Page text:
How Travel Saved me from Grief | Thursday Thoughts

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Girl in Oaxaca Mexico

The first time I spent the anniversary of my mother’s death doing something different, I was in Bolivia.

Before, it was always some variation of the same. I’d wake up sad without knowing why, then I’d remember the date and feel worse. I’d go to work and try to hide the sad. Come home and wallow in it. Or try to take my mind off it with a movie, a video game, a book. Anything to escape. 

Escape.

That was it, in the end. I had always dreamed of travelling. When I was a kid it was Hogwarts, Middle Earth. As I got older I dreamed of more reachable places; Peru, Thailand, India. My ex and I worked jobs we hated and lived in a flat that was too small and too expensive, and always we talked of travel, of running away. Eventually, we started saving, started planning. We made it happen.

So, the 2nd May 2014 saw me in a very different place than in previous years. It was the eight-year anniversary. But on this day I woke up in a hostel in Bolivia. I didn’t feel sad – at least not in the usual way. 

virtual quiz baby photos round

I left Sam in bed and went out for a walk. Me, on my own, in La Paz. If you knew me back then you’d never have believed it, but travel was already starting to change me. I was getting braver. More sure of myself.

Later, we did a walking tour that ended at the top of a high rise building, where the guide offered us the chance to rappel down it with local company Urban Rush. No one said yes. Until, in a sudden rush of reckless daring, I did.

At the time, of course, I didn’t reflect on any of it too deeply. But now, when I look back, that moment is like waking from a dream. Before my mum died, I used to be the same shy, awkward girl that I mostly am now. But I was also this dorky little adventurer, this girl who climbed onto the roof from my bedroom window when no one was home, who went on school camping trips and did things like climbing and abseiling. I’d always had this slither of bravery in me, but it was far off and forgotten, buried under years of existing only in grief.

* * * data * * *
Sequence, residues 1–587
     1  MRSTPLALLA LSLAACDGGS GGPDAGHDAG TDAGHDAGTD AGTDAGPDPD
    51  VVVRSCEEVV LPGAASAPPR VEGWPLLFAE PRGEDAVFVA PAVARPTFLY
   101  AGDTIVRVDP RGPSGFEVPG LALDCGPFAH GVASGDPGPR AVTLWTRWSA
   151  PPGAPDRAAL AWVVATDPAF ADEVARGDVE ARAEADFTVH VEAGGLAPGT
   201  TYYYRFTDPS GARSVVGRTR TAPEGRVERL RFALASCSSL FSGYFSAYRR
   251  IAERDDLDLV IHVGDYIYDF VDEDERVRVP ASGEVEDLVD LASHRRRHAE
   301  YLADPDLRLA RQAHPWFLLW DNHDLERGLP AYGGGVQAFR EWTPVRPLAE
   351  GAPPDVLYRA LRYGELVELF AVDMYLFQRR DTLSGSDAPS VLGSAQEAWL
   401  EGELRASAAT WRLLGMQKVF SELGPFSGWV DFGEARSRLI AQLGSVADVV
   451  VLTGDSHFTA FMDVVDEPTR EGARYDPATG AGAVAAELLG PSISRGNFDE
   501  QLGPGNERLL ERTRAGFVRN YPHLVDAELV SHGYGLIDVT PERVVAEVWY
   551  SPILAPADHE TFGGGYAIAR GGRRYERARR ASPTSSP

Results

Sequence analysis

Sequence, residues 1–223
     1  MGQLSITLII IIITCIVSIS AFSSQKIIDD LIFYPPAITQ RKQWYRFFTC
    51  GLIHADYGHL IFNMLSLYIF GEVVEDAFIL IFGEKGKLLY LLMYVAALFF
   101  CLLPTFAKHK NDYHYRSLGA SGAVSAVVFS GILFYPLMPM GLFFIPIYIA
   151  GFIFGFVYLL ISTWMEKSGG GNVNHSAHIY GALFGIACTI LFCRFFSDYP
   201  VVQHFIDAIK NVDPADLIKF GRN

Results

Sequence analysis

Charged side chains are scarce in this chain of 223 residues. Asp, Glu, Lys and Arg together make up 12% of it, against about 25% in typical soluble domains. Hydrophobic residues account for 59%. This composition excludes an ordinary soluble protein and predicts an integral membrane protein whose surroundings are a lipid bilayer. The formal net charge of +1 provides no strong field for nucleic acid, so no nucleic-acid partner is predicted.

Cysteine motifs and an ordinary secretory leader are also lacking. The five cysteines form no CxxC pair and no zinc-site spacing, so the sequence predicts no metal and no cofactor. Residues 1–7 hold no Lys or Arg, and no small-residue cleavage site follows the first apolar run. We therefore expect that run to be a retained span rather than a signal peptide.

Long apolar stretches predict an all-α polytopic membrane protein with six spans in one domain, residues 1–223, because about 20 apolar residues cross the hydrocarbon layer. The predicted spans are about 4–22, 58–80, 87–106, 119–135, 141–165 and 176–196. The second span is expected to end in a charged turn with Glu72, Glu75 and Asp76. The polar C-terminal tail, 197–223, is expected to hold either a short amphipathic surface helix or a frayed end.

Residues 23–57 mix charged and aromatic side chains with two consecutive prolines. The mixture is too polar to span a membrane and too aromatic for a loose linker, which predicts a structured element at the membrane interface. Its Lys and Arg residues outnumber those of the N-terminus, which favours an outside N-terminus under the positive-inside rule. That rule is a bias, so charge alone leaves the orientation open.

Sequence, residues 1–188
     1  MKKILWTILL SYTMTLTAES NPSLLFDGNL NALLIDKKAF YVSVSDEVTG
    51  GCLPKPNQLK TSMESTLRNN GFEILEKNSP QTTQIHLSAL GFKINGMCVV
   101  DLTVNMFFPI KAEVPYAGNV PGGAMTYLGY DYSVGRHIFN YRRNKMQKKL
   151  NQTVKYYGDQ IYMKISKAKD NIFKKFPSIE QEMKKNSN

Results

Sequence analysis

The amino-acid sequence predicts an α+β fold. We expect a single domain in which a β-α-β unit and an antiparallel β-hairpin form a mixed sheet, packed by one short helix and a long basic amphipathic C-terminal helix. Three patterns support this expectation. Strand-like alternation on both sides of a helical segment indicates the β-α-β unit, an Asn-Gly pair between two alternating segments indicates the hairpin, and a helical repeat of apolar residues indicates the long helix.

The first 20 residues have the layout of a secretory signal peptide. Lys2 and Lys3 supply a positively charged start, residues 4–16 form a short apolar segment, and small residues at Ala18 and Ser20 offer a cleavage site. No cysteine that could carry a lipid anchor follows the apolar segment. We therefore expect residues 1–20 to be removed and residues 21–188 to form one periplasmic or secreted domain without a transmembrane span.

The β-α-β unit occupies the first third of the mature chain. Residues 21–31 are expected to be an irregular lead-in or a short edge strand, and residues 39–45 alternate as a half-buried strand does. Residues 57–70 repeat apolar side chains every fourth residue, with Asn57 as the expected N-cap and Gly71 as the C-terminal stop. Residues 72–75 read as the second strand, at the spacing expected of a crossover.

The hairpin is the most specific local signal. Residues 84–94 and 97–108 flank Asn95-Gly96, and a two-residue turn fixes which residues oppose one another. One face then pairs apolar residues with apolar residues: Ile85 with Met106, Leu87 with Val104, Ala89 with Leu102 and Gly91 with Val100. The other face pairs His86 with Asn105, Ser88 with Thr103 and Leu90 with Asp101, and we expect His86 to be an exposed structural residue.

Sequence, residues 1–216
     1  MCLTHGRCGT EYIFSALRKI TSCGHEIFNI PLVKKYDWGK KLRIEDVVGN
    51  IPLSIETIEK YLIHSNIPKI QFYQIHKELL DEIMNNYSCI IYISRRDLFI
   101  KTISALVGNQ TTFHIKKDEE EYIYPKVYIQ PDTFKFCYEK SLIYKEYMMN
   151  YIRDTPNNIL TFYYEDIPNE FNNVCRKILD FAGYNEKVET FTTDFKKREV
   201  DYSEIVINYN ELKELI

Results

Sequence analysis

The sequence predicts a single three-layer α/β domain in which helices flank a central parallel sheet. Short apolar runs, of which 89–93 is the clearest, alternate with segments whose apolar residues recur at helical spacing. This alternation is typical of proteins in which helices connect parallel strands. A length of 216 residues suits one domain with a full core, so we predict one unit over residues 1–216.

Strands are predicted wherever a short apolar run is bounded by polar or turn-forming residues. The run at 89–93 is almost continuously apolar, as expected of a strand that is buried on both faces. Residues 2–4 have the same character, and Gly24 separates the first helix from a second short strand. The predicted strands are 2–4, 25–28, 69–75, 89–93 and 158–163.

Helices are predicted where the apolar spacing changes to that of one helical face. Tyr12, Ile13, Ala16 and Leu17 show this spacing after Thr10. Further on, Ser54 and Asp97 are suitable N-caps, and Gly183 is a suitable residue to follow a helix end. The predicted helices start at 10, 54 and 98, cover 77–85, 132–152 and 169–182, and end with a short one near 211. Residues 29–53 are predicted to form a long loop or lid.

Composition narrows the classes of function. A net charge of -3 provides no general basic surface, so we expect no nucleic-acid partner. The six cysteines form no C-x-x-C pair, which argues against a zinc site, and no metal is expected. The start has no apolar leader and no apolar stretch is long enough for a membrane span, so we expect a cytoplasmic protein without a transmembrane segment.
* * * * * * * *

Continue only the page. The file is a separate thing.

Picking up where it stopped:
Isla Ometepe Nicaragua

I’d be lying if I said I was constantly unhappy for eight years after my mum died. In fact, I was happy most of the time. It’s just that, without even fully realising it, I’d let my grief change me.

It drew out the worst of me: the awkward, anxious, uptight, jealous, paranoid, darker side of me. I lived in utter certainty that more pain was right around the corner. I pushed the people I loved away because I didn’t trust them not to leave me too. It was rare that I’d get through a 48 hour period without crying – and that had become something I’d simply accepted. I had a lot of triggers, and rather than work on them using the tools various counsellors had taught me, I indulged them.

In a strange and hard-to-define way, I almost enjoyed the pain of my grief. Like pushing a bruise when you know it’s going to hurt. 

My backpacking trip in South America was not a cure. It was just one of the later steps on a long road to a kind of recovery. It was the final push, perhaps, towards a return to that side of myself from before, the version of myself that was happier, fiercer, stronger, better. The more I travelled, the more I found I could do. My independence grew. My sense of inner strength.